Chronic kidney disease is defined as abnormalities of kidney structure or function, present for more than three months. Sickle cell nephropathy refers to the spectrum of kidney complications in SCD.
Glomerular damage is a cause of microalbuminuria and can develop at an early age in children with SCD, and increases in prevalence in adulthood. In people with sickle cell nephropathy, outcomes are poor as a result of the progression to proteinuria and chronic kidney insufficiency. Up to 12% of people who develop sickle cell nephropathy will develop end-stage renal disease.
To assess the effectiveness of any intervention in preventing or reducing kidney complications or chronic kidney disease in people with SCD (including red blood cell transfusions, hydroxyurea and angiotensin-converting enzyme inhibitor (ACEI)), either alone or in combination with each other.
We searched for relevant trials in the Cochrane Library, MEDLINE (from 1946), Embase (from 1974), the Transfusion Evidence Library (from 1980), and ongoing trial databases; all searches current to 05 April 2016. We searched the Cochrane Cystic Fibrosis and Genetic Disorders Group Trials Register: 13 April 2017.
Randomised controlled trials comparing interventions to prevent or reduce kidney complications or chronic kidney disease in people with SCD. There were no restrictions by outcomes examined, language or publication status.
Two authors independently assessed trial eligibility, extracted data and assessed the risk of bias.
We included two trials with 215 participants. One trial was published in 2011 and included 193 children aged 9 months to 18 months, and compared treatment with hydroxyurea to placebo. The second trial was published in 1998 and included 22 adults with normal blood pressure and microalbuminuria and compared ACEI to placebo.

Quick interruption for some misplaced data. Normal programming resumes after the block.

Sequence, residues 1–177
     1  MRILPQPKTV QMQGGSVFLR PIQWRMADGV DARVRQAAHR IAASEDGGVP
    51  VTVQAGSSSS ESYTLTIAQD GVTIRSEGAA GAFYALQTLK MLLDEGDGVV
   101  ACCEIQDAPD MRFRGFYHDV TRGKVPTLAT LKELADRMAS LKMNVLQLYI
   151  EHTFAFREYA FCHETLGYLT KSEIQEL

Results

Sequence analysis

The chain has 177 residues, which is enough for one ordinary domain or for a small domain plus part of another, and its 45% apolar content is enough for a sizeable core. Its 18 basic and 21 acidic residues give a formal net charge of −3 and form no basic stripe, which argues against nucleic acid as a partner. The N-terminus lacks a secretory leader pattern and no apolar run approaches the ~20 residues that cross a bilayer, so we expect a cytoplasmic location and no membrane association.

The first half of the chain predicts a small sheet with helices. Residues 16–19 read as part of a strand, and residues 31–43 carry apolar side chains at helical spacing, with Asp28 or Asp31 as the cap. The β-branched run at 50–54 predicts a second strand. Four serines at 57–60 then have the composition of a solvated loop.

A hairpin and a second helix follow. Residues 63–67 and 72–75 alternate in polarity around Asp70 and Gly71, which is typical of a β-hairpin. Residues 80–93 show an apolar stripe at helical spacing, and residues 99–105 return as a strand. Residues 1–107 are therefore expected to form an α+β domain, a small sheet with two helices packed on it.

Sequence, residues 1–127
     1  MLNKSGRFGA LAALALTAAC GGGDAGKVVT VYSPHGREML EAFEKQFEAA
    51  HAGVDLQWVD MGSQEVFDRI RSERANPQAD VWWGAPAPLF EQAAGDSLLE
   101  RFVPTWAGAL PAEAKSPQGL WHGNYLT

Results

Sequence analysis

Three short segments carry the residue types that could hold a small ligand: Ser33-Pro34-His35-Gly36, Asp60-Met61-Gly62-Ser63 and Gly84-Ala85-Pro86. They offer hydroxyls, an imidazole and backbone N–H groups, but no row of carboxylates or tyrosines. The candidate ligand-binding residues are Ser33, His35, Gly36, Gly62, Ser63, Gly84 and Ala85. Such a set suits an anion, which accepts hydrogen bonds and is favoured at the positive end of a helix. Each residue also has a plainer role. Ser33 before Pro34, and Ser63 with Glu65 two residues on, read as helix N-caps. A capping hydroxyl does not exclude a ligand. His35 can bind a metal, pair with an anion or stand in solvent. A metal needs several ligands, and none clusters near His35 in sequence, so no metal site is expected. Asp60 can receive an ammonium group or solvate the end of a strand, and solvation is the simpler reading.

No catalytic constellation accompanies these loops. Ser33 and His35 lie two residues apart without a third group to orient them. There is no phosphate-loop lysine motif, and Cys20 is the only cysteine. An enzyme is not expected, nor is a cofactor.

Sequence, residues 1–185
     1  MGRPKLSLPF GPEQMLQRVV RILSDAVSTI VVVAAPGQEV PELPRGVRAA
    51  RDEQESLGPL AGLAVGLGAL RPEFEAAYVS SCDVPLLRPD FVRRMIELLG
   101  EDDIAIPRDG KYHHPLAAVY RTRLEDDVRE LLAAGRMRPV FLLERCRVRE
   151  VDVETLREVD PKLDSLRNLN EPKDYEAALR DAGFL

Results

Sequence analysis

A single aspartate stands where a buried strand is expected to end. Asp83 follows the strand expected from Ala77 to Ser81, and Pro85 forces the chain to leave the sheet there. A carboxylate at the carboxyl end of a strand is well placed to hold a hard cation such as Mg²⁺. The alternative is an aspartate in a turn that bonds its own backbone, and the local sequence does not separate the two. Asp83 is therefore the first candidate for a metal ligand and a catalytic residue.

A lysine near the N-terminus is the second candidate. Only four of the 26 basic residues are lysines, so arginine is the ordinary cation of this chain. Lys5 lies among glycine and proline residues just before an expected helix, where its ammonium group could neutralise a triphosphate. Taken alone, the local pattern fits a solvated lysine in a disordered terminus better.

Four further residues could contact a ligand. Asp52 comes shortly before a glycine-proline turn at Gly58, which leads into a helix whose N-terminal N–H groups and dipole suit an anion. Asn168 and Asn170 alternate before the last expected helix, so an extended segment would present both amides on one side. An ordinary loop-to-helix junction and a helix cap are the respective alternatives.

We rated the quality of evidence as low to very low across different outcomes according to GRADE methodology. This was due to trials having: a high or unclear risk of bias including attrition and detection bias; indirectness (the available evidence was for children aged 9 months to 18 months in one trial and a small and select adult sample size in a second trial); and imprecise outcome effect estimates of significant benefit or harm.
Hydroxyurea versus placebo
We are very uncertain if hydroxyurea reduces or prevents progression of kidney disease (assessed by change in glomerular filtration rate), or reduces hyperfiltration in children aged 9 to 18 months, mean difference (MD) 0.58 (95% confidence interval (CI) -14.60 to 15.76 (mL/min per 1.73 m²)) (one study; 142 participants; very low-quality evidence).
In children aged 9 to 18 months, hydroxyurea may improve the ability to concentrate urine, MD 42.23 (95% CI 12.14 to 72.32 (mOsm/kg)) (one study; 178 participants; low-quality evidence).
Hydroxyurea may make little or no difference to SCD-related serious adverse events including: incidence of acute chest syndrome, risk ratio (RR) 0.39 (99% CI 0.13 to 1.16); painful crisis, RR 0.68 (99% CI 0.45 to 1.02); and hospitalisations, RR 0.83 (99% CI 0.68 to 1.01) (one study, 193 participants; low-quality evidence).
No deaths occurred in the trial. Quality of life was not reported.
ACEI versus placebo
We are very uncertain if ACEI reduces proteinuria in adults with SCD who have normal blood pressure and microalbuminuria, MD -49.00 (95% CI -124.10 to 26.10 (mg per day)) (one study; 22 participants; very low-quality evidence). We are very uncertain if ACEI reduce or prevent kidney disease as measured by creatinine clearance. The authors state that creatinine clearance remained constant over six months in both groups, but no comparative data were provided (very low-quality evidence).
All-cause mortality, serious adverse events and quality of life were not reported.